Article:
Webinar: The Role of Cities in Sustainable Consumption (20 Oct; also recorded)

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West Coast Climate Forum’s next webinar:

The Role of Cities in Sustainable Consumption: Making the Case for Local Action

Tuesday, October 20, 9:30-11:00 am, PT 

 Register here:  http://bit.ly/Oct20webinarSustainable Consumption Report_Cara Pike

In this webinar, we return to the role of cities in advancing sustainable consumption and explore how municipal leaders can effectively frame the issue for successful local action.  How do we engage in positive, meaningful conversations within our communities about changing our consumption patterns in a way that resonates with our shared values?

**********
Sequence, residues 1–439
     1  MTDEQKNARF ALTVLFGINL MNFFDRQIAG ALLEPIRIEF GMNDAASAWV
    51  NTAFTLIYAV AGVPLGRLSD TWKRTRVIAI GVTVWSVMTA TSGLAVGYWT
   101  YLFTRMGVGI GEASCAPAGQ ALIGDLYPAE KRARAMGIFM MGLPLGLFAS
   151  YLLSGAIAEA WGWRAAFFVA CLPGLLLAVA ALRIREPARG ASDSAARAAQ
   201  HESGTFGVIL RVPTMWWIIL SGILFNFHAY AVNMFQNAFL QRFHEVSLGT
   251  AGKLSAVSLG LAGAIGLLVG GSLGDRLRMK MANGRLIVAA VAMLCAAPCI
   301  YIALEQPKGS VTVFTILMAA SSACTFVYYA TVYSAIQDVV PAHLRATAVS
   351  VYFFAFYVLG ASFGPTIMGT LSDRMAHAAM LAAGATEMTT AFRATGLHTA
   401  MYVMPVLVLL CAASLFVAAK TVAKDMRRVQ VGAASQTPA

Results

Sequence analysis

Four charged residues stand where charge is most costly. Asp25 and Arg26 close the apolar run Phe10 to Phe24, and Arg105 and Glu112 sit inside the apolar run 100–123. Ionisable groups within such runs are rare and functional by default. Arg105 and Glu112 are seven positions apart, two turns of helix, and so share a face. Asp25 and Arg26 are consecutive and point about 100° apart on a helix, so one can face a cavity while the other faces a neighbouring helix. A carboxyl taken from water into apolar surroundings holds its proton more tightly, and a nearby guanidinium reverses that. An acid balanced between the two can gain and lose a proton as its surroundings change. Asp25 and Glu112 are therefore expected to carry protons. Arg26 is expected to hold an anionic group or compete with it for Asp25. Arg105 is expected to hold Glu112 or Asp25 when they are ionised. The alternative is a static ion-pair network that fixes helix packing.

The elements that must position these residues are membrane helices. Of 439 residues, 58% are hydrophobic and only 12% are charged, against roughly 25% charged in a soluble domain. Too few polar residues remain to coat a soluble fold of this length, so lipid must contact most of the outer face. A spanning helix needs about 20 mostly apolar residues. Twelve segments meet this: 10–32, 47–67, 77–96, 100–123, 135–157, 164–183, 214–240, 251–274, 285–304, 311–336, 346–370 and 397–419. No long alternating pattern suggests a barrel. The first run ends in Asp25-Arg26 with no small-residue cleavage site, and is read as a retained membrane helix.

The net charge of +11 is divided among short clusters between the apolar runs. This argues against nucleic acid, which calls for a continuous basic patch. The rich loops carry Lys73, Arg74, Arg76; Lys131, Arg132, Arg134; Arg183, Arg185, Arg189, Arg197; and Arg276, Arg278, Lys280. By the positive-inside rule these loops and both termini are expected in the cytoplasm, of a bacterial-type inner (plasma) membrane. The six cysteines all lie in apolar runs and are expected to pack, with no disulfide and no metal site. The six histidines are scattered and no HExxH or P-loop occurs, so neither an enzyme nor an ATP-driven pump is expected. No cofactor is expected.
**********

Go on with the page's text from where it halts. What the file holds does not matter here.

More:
In this webinar, Babe O’Sullivan, Sustainability Liaison with the City of Eugene, will provide a review of the Eugene Memo which lays out the rationale and opportunities for cities to take action, and Vanessa Timmer, Executive Director of One Earth and Cara Pike with Social Capital Strategies will discuss the report, Sustainable Production and Consumption Framing: A Research Summary.

This webinar is free and open to the public.

If you are unable to attend this webinar, you can find the webinar recording here by October 27th.

The Coffee Cup Revolution: Binning For Used Paper Coffee Cups

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On Thursday, September 10th, the second Coffee Cup Revolution was held, with 130 binners participating. In four hours, 31,300 paper coffee cups were redeemed for 5¢ each at Victory Square.